Wednesday, July 28, 2010

Unusual Views With Which I Agree

I continually find myself agreeing with Sumner.... 
As a schoolboy I always resented the unspoken assumption that we were right and that every other time and place was wrong.  Even if we romanticized some aspect of the past, or some exotic culture in a faraway country, we were always implicitly flattering some aspect of  ourselves. ...

As an adult I have mostly come to terms with our culture, but still am very annoyed by the way we think about other times and places.  History is increasingly seen as nothing more than victims and villains, especially by liberals.  Conservatives see the future as a sort of dystopian nightmare, at least if the residents of future worlds have the temerity to discard our value system.  We have obviously achieved perfection, even though every previous generation before us was morally flawed.  I don’t know whether future citizens will embrace designer babies, or cryonics, but that’s [their] decision, isn’t it?  Our ancestors would be shocked by gay marriage, or the fact that we routinely wager on the death of our spouse, where a “win” occurs if the spouse dies.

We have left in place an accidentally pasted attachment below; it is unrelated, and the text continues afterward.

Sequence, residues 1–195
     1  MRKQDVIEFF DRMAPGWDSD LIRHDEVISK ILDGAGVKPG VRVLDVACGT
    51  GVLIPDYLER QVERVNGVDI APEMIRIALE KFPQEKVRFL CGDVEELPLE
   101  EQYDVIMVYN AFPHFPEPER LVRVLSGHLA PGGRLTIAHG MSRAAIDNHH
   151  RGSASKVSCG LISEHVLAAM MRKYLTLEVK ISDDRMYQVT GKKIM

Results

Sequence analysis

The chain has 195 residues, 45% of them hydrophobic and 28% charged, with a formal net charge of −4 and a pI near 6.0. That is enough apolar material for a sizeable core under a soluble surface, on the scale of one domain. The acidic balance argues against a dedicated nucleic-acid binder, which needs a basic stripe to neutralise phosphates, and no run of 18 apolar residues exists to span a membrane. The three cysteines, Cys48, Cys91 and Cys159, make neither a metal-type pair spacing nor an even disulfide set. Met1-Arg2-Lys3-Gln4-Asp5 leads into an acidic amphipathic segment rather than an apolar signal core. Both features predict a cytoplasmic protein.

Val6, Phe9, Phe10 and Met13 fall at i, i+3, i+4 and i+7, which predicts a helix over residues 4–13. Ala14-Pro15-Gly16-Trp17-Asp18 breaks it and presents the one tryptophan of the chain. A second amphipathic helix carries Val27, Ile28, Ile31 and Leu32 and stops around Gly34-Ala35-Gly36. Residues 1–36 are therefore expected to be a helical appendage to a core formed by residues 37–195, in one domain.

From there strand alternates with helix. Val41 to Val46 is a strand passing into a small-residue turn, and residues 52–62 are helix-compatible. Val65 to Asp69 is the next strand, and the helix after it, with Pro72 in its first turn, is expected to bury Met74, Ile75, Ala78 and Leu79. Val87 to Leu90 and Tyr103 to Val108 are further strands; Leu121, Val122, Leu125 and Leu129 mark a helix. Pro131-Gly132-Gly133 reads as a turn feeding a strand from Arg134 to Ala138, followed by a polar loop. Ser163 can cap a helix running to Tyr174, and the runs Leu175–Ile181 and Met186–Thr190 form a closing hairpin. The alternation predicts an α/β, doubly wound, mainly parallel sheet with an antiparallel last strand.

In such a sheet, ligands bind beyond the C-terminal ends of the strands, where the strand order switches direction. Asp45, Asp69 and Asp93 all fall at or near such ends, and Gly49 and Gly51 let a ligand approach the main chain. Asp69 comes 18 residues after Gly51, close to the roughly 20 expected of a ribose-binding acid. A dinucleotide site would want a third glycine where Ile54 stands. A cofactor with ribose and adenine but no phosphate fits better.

For those who don't know, our ancesters understood that life insurance was morally revolting.
If I ever became well-known then future people would look back at me and be disgusted by some aspect of my life.  “Sumner was a decent economist; pity about the meat-eating.”
For me, the distressing part is that the virtues of other ages or countries are thrown aside in our denigration of their faults. Each generation sees the hypocrisy of the one before it and then swings the pendulum too far the other way, forgetting the lessons from the generation before. Thankfully, the grandchildren or great-grandchildren usually rediscover some of the older values and enjoy feeling retro, but whether it's literature and art or ethics, the pendulum just swings too far. It's one of the reasons I cultivate a mild sense of contrarianism: I studied experimental economics and looked forward to getting engaged in them (someday), but now that they are becoming a cult I'd rather point out their limitations and see what we can't learn from the denigrated large-N studies (not every day, not every paper, mind you, but there are valuable things in them you just can't get anywhere else once you take the criticism of the method seriously).

I don't agree with Sumner on some other points in the post. I believe in a good deal of moral absolutes and objective truth; even if we only come at it subjectively, it still exists. But that's a different debate.

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